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This African family have a simple dream - to have a good life together. Could you help make that a reality?

PUBLISHED: 16:30 22 December 2014 | UPDATED: 16:30 22 December 2014

Kilosa Nutrition Awareness Project

Kilosa Nutrition Awareness Project


While Tanzania might be famous for Kilimanjaro - Africa’s highest peak - and game parks such as the Serengeti, more than half of the population do not have enough nutritious food to eat.

Kilosa Nutrition Awareness ProjectKilosa Nutrition Awareness Project

Most people rely on small-scale farming in rural areas, but 57% of households struggle to provide healthy and vitamin-packed food.

In the country’s forested regions, people often resort to selling timber products like firewood and charcoal to make ends meet, causing deforestation and soil erosion.

Farm Africa’s latest project is helping around 3,000 farmers in Kilosa and Gairo districts of the southern Morogoro region of Tanzania, to grow themselves out of hunger for good by introducing a new highly-nutritious crop, the humble orange flesh sweet potato.

Despite the local climate being favourable to growing crops, many families struggle to provide their children with a nutritious diet as they can only afford poor-quality seeds which produce meagre harvests, and their crops are often decimated by pests.

Mburumundu pest at the orange flesh sweet potato project in TanzaniaMburumundu pest at the orange flesh sweet potato project in Tanzania

According to a recent study by the Ministry of Health and Social Welfare, approximately 42% of children living in the Kilosa district are stunted and malnourished.

Farm Africa’s new project has been designed to tackle the daily problems faced by local families through the introduction of the highly-nutritious orange fleshed sweet potato which will lead to increased incomes and improved nutrition levels.

Thanks to the efforts of the Tanzanian government to educate and encourage people to grow and eat crops which have a higher nutritional value, the demand for these crops is increasing which is also having a positive knock-on effect by boosting their value too.

The charity is working side-by-side with farmers helping them grow the orange flesh sweet potatoes.

Background photo of Kilosa district, TanzaniaBackground photo of Kilosa district, Tanzania

Farmers are given practical training at demonstration plots, which are pieces of land where farmers are shown new techniques which will boost harvests and they can try growing new crops.

This approach allows farmers to learn without taking risks with the land where they grow food to feed their families. This gives farmers the confidence to use their newly acquired skills to grow the new crops on their own land.

Orange flesh sweet potatoes also have a strong advantage over other local crops which are frequently destroyed by a pest called Mburumundu, which are flying insects like locusts.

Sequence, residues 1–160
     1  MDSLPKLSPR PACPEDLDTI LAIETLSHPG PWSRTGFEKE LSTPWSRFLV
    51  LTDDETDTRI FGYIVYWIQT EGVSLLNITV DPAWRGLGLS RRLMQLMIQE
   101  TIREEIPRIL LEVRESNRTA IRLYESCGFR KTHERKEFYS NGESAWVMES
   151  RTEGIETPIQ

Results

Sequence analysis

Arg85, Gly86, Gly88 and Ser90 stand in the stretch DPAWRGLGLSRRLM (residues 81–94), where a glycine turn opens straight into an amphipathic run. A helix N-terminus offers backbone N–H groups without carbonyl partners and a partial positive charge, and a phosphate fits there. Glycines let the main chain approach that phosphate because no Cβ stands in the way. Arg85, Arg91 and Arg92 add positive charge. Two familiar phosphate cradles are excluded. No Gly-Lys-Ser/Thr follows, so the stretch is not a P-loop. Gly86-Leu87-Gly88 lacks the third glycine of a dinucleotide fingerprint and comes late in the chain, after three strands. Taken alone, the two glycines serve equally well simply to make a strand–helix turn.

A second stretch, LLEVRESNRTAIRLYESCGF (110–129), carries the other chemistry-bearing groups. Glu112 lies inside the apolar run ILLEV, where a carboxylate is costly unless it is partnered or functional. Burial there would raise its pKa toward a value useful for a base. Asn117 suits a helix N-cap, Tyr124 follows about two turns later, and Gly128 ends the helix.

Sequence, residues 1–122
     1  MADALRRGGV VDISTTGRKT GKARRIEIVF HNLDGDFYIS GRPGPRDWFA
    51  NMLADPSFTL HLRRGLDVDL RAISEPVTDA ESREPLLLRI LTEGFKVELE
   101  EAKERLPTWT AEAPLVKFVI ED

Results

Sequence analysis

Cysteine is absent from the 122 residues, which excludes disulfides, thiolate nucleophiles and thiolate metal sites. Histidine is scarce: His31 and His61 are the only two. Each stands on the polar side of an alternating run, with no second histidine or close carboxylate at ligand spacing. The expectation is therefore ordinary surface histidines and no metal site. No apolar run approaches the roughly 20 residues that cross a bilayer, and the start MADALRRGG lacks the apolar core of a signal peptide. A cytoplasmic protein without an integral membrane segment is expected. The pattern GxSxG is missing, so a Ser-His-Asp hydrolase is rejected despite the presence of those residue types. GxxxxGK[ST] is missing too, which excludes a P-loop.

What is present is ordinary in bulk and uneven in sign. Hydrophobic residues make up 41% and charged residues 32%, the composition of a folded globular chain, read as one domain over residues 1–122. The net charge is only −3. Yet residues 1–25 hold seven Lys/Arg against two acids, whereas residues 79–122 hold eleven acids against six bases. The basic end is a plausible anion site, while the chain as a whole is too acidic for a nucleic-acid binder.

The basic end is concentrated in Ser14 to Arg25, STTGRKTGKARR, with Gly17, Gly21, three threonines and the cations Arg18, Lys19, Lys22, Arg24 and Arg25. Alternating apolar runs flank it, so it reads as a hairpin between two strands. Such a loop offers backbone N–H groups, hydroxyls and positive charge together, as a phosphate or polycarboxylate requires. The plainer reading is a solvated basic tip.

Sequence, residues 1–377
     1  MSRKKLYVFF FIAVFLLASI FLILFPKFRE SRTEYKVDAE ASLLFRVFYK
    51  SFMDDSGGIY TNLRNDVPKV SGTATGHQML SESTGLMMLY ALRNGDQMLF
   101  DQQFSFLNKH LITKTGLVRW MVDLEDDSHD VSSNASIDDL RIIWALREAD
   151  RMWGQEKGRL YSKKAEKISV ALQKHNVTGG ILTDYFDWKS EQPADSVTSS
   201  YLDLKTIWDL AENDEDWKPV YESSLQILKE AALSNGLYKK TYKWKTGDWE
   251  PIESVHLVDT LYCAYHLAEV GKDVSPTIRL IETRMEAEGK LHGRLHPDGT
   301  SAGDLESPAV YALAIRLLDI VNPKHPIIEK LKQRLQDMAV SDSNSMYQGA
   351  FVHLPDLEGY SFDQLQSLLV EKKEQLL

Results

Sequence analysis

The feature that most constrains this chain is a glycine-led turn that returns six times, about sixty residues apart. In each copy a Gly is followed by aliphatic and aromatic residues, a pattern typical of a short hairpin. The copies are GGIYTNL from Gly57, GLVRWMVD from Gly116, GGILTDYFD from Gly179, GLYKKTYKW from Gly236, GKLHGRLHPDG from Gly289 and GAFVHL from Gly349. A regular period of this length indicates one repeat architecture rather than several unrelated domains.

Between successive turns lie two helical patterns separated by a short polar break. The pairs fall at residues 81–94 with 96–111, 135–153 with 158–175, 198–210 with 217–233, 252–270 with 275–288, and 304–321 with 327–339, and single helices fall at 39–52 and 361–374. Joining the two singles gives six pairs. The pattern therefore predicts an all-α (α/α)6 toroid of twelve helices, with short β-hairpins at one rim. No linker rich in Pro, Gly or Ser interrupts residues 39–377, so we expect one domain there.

The new potatoes grow in the ground, increasing in size, safe from the pest until they are ready to be harvested.

In the past farming families had little financial security as they did not know what price they would get for their crops when they sold them. It meant they could not plan for emergencies or for the future.

Mariam Mbasa, a local mum from Zombo village, said: “When there is an emergency, we have no back-up plan.”

For families like Mariam’s this frightening uncertainty will soon be a thing of the past thanks to the training that Farm Africa is giving to farmer groups.

The charity’s training will provide farmers with the skills and confidence to work together to negotiate and sell their harvests direct to large-scale buyers. These buyers pay a fair and consistent price for produce which allows farmers to make plans for how to spend their money, and gives them the confidence to invest in seeds and other necessities to provide for their families.

When families can plan they are better able to break the cycle of poverty.

“I want my children to finish university; I want a nurse and a doctor,” says Eva, a mother who lives in Kiegaya village, Kilosa district. She has high hopes for her daughters’ education and futures thanks to the new project.

Despite Eva and her husband Sylvester’s best efforts, their humble income from a road-side kiosk and their tomatoes and maize crop mean the family struggle to make ends meet.

They never know how much they can sell their produce for and so they can’t make secure plans for their children’s future. Eva wants to make sure that her daughters get the best education she can provide for them.

They are looking forward to the future more now that they have joined the Farm Africa project. In the New Year they will start to grow new, more nutritious crops which will feed their family. They will also sell the excess they produce together with other local farmers to get the best possible price for all the hard work that they have invested in their harvests.

Eva’s dream is a simple one “I want to have a good life with my family.”

Farm Africa has worked in eastern Africa for nearly 30 years in a bid to end hunger by providing smallholder farmers with specialist training and tools so they can grow more food in ever more challenging conditions.

It also brings in disease-resistant native crops, drought-busting techniques and skills that make tough farming viable, profitable and sustainable.

This Christmas East Anglian Daily Times readers can help play a role in making the dreams that families like Eva and Sylvester’s have, a reality. Please show your support for farming families in eastern Africa this Christmas and give them a New Year filled with hope and prosperity.

See more about Farm Africa here

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